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Stefan Karlsson

Health reform cost is complicated, both sides ignore facts

Health reform cost is one complicated issue, according to Stefan Karlsson. But for those arguing that Obamacare decreases American freedoms, our analyst only has one word: Medicare.

By Guest blogger / June 28, 2012

With the Capitol in the background, Republican presidential candidate Mitt Romney speaks about the Supreme Court's health care ruling on Thursday, June 28, 2012, in Washington. Some argue that one of the health reform bill's costs includes a decrease in personal freedoms. But Stefan Karlsson says if Obamacare is unconstitutional, then so is Medicare and Social Security, something that few leading Republicans would openly argue for.

Charles Dharapak/AP


The most unexpected thing about today's ruling in the US Supreme Court about Obama care wasn't so much that it was approved with a narrow 5-4 margin, but that the swing vote was John Roberts and not Anthony Kennedy. Usually it is Kennedy that is the swing vote, while Roberts is considered to be part of the conservative bloc, together with Clarence Thomas, Antonio Scalia and Samuel Alito. But now it would seem then that the Supreme Court has four reliable liberals, three reliable conservatives and two swing voters.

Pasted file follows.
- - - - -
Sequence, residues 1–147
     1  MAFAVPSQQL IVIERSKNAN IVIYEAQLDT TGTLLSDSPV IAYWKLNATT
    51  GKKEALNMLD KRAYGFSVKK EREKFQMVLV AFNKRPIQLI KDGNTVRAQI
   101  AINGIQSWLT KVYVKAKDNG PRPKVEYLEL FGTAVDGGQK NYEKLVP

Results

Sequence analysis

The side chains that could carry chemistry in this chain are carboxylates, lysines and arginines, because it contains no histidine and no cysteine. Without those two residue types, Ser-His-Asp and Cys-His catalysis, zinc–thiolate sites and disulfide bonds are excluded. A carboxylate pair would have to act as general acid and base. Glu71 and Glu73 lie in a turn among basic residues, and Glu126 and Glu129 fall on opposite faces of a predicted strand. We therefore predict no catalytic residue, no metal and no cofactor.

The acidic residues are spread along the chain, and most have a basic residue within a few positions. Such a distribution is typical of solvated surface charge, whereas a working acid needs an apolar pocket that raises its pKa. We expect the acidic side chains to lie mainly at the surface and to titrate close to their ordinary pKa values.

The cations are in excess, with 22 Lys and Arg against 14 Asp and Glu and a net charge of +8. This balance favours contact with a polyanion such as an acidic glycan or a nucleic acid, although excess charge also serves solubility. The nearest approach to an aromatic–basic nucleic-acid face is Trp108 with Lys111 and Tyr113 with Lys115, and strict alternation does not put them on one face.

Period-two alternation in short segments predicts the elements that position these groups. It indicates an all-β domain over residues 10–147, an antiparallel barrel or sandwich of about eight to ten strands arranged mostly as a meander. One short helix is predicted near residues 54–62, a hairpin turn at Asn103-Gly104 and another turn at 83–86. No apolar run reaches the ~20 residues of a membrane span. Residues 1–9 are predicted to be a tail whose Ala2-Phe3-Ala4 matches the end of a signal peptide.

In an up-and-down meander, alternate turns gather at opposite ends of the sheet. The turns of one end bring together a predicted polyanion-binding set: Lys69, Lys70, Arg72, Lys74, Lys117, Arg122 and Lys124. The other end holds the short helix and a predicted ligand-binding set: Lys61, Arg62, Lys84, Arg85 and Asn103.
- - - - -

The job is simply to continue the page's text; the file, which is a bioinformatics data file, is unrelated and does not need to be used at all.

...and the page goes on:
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Stefan is an economist currently working in Sweden.

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As for the ruling, two things should be noted. First of all, it is clear that the mandate to buy health insurance means a reduction in the freedom of Americans. Secondly, it is however also clear that it is no more so than existing welfare state programs like Medicare and Social Security, where people are in effect through the tax system forced to buy health insurance and pension insurance for when they become older than 65. So if Obamacare is unconstitutional, then there wouldn't have been any reason not to consider Medicare and Social Security as unconstitutional, something that few leading Republicans would openly argue for.

As for the political impact, Mitt Romney is the big loser. Some argue that he is a winner because the health care insurance mandate is unpopular, but I disagree considering that he as recently as 2007 called it "ultimate conservatism" and has yet to renounce his old statements he simply has no credibility arguing against Obamacare.

The Christian Science Monitor has assembled a diverse group of the best economy-related bloggers out there. Our guest bloggers are not employed or directed by the Monitor and the views expressed are the bloggers' own, as is responsibility for the content of their blogs. To contact us about a blogger, click here. This post originally ran on

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